*Here’s a useful tip to get rid of the chatterboxes from your LI home page. You can simply hide their updates, by hovering over their update and clicking on the ‘hide’ link that appears in the right hand corner of their update (look closely, its grey and not easy to see).

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About Fiona

Fiona is a passionate advocate of the Scottish entrepreneurial spirit, especially our students. She was once a scientist and is a keen supporter of the Scottish life sciences community. She is a powerful networker and loves to put people in touch with others who can help and inspire them.
This entry was posted in Communicating, networks, Social Media. Bookmark the permalink.

5 Responses to Social Media Etiquette (or TMI?)

  1. Fiona says:

    Take a look at this new app from British Start-up Buffer http://blog.bufferapp.com/linkedin
    A good solution to support thoughtful posting. Thanks to @_MDHayes for sharing

  2. Hi Fiona,
    There are quite a few ways to enable automatic cross-posting of various sorts. I use Twitterfeed to send my new blog posts straight to LinkedIn. These are business relevant, and relatively infrequent, so hopefully of interest to my contacts. I am also writing a book about the various tools that can be used and stressing the need for people to send the right messages to the right audience. I certainly dont want to encourage noise and more spam, but sometimes it is necessary to find efficient ways of updating the various social media channels.
    Rob

    • Fiona says:

      Yes, these tools are very useful. Used correctly, Tweetdeck etc make it much easier to post the right message to the right place, and allow you to be selective about what you cross-post.

  3. Hi Fiona,

    I agree with your points.

    Unfortunately LinkedIn now suffers from a lot of spam posts, whether they be an auto-post from someones Twitter account or whether it’s simply someone constantly pushing sales messages in the various groups – which I personally find worse than the auto-post from Twitter etc.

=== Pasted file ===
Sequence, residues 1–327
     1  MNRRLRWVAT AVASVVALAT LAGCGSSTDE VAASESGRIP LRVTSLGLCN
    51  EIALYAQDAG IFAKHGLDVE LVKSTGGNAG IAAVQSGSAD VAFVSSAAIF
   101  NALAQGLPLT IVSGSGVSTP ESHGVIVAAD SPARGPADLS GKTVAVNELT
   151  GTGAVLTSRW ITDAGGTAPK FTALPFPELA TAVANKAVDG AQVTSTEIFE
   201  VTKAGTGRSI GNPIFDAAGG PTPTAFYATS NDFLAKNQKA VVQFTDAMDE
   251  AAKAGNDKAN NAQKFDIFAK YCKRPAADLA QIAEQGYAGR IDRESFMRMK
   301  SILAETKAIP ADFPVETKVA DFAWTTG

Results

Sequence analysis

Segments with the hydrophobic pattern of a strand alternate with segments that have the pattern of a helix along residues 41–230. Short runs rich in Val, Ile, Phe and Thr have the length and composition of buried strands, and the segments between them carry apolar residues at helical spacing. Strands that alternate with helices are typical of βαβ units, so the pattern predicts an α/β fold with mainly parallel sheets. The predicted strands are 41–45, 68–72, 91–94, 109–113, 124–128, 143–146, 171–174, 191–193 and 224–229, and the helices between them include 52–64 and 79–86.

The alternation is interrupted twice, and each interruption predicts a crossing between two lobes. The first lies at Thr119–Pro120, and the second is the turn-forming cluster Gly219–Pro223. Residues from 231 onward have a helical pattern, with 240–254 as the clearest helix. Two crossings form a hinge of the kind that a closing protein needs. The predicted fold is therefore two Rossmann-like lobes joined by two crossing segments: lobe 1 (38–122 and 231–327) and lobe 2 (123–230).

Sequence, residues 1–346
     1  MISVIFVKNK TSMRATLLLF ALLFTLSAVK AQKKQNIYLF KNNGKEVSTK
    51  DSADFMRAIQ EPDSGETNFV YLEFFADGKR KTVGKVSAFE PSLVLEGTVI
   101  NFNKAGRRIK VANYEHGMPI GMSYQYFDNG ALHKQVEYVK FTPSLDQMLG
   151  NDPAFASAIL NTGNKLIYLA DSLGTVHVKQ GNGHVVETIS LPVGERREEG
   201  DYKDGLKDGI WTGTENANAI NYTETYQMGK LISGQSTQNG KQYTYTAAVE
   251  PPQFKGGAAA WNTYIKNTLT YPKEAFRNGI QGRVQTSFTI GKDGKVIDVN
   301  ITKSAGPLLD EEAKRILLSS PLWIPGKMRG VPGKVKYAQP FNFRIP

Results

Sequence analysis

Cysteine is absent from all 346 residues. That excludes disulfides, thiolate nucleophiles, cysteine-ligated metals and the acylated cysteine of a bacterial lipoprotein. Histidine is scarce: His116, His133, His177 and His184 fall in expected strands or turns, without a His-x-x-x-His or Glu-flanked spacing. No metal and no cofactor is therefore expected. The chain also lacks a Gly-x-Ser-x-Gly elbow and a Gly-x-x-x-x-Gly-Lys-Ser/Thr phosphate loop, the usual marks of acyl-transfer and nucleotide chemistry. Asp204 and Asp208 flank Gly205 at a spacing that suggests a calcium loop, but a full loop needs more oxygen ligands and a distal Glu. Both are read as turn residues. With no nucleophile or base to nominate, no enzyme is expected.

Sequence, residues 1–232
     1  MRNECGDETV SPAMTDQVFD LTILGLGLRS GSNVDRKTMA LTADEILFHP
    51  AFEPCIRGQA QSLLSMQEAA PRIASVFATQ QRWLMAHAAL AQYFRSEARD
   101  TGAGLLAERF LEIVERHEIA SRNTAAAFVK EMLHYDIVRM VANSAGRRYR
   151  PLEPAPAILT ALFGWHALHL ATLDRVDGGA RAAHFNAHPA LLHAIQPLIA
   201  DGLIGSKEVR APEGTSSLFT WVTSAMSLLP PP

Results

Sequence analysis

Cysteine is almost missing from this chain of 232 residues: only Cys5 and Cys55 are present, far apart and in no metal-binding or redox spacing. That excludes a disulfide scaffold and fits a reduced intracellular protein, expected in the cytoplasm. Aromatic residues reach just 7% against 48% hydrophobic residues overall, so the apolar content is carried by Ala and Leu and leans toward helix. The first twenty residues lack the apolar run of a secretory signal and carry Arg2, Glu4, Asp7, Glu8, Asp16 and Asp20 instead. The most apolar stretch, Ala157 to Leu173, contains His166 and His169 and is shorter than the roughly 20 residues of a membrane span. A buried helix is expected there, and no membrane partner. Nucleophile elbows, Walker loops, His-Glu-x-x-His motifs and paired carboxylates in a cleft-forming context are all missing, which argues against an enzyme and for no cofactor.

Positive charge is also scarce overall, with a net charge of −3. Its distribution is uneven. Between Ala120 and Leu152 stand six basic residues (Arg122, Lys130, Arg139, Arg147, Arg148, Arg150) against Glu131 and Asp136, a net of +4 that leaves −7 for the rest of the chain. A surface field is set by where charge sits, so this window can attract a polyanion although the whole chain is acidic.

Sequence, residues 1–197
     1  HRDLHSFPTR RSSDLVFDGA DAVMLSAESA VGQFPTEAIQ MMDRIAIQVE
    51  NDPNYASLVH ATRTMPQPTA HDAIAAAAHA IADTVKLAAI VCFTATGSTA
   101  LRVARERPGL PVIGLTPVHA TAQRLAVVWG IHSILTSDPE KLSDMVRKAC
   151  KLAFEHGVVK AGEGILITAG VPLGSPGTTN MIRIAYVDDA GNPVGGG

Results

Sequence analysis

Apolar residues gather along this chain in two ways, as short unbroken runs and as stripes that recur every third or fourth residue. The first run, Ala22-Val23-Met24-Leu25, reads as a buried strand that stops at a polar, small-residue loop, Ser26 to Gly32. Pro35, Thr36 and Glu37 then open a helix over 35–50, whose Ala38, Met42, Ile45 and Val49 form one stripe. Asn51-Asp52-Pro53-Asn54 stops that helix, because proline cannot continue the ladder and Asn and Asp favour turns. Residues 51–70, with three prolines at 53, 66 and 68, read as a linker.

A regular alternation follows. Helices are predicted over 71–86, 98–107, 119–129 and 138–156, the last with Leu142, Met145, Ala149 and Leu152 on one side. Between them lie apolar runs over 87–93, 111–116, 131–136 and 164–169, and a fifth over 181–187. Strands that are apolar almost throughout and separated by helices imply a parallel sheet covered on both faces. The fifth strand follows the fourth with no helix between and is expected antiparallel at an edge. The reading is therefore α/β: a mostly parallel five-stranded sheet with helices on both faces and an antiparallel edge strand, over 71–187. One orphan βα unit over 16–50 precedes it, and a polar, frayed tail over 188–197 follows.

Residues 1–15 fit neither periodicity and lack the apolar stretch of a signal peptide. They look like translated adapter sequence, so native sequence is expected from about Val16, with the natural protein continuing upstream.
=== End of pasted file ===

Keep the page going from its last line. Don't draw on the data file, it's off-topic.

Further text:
I rarely actually look at the LinkedIn update page now.

    I always use the #in tag when I want something to go to LinkedIn – doesn’t take any time and there is more chance of someone looking at and engaging with you on that platform.

    Everything else said though, it’s an individuals choice how and when they post. If it works for them, then that’s cool. We all ultimately have the choice of un-following or “hiding” that persons posts so we don’t get irritated by them.

    Kevin

    • Fiona says:

      Thanks Kevin. I completely agree that people should do what is right for them, and we are all still learning here. Its partly because I have so many contacts that this is probably more of an issue for me. I only use LinkedIn for people I have actually met, so I don’t like to ‘hide’ them. However the noise in all of these channels is getting so loud that I need to find a way to manage it. This is going to become more of a problem as our contact lists grow ever bigger.